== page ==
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Kia moves upscale with the Amanti

March 19, 2004|by JASON STEIN/Wheelbase Communications

Just when you thought Kia had run the course on the simplest of equations - lots of vehicle for a little price tag - along comes the new Amanti.

What is it? Perhaps one of the best large-sedan buys on the market for value-minded shoppers. Yes, Kia, the little Korean automaker that could, has done it again.

Don't even say you're surprised.

Kia has had amazing success over the last few years churning out vehicles that sit well with your family . . . and the family accountant. And that has been welcome news for many buyers.

For the company, craftsmanship has come a long way since the first models became available in the mid 1990s. Parent company Hyundai, which once suffered through its own growing pains to become a solid contender with vehicles such as the Tiburon sports car and Santa Fe sport-utility vehicle, had a lot to do with the rise of Kia.

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For proof, look no further than the midsize Optima sedan, Sedona minivan or the handsome Sorento sport-utility vehicle as rolling examples. Look no further than the industry's bedrock warranty: five-year/60,000 mile bumper-to-bumper coverage and a 10-year/100,000-mile powertrain plan. Why should you worry about reliability with Kia stepping up to offer that kind of support?

In the case of the new Amanti, the same high-value-content principle is brought to new dimensions.

As Kia's first foray into the large sedan segment, the Amanti makes no bones about where it wants to head. Looking for a less expensive alternative to the Toyota Avalon, Buick LeSabre, Ford Crown Victoria or even the Hyundai XG350? Test drive the Amanti, a vehicle that is very much its own vehicle.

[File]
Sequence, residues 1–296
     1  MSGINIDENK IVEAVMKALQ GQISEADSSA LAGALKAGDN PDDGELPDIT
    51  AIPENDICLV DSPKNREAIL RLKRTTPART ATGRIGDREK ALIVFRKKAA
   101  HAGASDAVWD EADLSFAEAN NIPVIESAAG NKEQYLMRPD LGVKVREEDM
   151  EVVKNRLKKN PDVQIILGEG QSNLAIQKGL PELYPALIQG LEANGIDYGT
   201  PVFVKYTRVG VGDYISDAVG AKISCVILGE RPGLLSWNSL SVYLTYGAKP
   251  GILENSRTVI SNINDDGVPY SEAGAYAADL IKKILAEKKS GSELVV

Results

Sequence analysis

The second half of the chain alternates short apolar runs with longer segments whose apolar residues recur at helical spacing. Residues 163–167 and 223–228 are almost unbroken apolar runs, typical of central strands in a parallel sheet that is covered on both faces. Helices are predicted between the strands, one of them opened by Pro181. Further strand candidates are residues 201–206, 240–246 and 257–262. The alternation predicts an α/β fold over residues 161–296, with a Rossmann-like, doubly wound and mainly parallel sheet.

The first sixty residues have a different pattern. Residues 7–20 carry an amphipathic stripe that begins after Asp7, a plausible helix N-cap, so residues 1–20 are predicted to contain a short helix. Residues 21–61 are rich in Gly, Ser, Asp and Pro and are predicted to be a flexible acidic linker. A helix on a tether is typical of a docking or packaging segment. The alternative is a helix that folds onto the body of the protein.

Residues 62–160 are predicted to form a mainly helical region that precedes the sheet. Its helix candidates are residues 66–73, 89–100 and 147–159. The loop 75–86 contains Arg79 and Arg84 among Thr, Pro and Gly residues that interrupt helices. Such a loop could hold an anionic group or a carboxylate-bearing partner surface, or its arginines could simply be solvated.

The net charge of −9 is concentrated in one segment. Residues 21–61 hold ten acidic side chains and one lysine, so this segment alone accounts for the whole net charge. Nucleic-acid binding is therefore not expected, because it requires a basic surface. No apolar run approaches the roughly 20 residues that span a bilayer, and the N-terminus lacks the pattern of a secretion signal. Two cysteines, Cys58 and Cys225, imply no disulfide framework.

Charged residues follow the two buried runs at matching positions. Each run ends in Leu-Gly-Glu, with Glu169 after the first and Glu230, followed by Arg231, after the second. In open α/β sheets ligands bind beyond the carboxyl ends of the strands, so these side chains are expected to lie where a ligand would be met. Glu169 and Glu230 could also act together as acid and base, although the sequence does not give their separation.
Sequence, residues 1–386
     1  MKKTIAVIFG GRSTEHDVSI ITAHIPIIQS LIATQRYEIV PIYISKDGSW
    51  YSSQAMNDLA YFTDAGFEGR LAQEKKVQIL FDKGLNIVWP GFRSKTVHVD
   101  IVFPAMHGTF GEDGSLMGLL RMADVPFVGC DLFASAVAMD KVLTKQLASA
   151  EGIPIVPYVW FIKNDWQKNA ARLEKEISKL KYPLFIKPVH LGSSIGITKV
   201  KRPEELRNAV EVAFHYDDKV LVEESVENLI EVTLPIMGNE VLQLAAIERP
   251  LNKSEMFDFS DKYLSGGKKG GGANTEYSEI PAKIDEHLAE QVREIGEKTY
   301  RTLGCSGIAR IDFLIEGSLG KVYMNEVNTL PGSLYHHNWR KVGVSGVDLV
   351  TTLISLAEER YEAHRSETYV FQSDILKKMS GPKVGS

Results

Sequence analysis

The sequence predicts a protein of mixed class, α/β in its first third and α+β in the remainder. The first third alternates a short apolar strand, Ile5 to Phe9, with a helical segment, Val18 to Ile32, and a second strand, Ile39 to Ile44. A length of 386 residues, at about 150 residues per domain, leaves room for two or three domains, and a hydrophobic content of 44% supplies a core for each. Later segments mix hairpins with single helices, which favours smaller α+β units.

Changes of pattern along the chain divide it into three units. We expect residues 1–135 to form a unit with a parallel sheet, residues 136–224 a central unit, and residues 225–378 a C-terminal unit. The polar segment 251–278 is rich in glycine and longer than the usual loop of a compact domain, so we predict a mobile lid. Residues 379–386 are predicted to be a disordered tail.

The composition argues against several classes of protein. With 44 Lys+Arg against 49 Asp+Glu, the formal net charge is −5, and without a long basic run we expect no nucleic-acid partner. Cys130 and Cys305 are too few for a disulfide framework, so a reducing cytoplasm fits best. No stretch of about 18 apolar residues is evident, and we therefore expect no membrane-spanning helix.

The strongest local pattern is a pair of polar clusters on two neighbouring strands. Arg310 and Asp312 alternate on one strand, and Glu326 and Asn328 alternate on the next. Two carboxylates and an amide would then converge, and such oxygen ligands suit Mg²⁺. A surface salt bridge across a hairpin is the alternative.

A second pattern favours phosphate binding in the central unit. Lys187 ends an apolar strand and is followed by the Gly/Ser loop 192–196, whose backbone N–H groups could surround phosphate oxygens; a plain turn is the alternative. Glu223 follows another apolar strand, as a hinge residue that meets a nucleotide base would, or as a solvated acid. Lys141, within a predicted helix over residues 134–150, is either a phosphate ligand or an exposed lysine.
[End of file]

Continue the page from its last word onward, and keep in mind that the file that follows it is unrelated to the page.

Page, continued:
Contrary to what some people might tell you, this is no rebadged XG350 (the connection is incorrectly formed because of the relationship between the companies). The Amanti sits on its own platform and is actually larger than the XG in all dimensions.

But, like Hyundai's value-packed XG350, the Amanti offers loads of luxury, plenty of amenities, a spacious interior, unique exterior styling . . . and solid value.

How does a sticker price of less than $25,000 sound?

If anything, it at least looks familiar, a mix of Jaguar, Mercedes or Lincoln styling. Separate, round headlights that frame a waterfall grille flow back to meet a most unusual tail.

From the driver's or passenger's seat, the view only improves. Inside, there are features you probably wouldn't expect in a Kia such as a 270-watt Infinity sound system, one-touch up-and-down windows and a trip computer. But, that's not all.

Arriving with four doors and in just one trim level, the equipment list includes 67 standard items, some of which are: 16-inch alloy wheels; a full-size spare; dual-zone climate control; a CD player; eight-way power driver's seat and four-way power passenger's seat; wood grain; and steering-wheel mounted controls for the audio and cruise system.

Kia's one-stop shopping experience continues with a 200-horsepower 3.5-liter V-6 and a five-speed automatic transmission that includes a manual-shift mode.

It's not the biggest, most powerful engine in the segment, but Kia says the value equation can be found in many other areas. For example, the front seats offer more headroom and legroom than any other full-size sedan.

As well, the Amanti rolls in with eight standard air bags, including full-length side-curtain air bags to protect all occupants.

It even has active front headrests that move up and forward in the event of a rear collision.

Standard four-wheel anti-lock disc brakes can be augmented with optional traction- and stability-control systems.

As a first-time foray into an undiscovered segment, the Amanti might not be the most sophisticated car in its class or the car with the most cachet. But it's funny what a long list of standard equipment, good build quality and a low price will do to change a few opinions and open some new doors.

Something says Kia is well on its way.

© 2004, Wheelbase Communications

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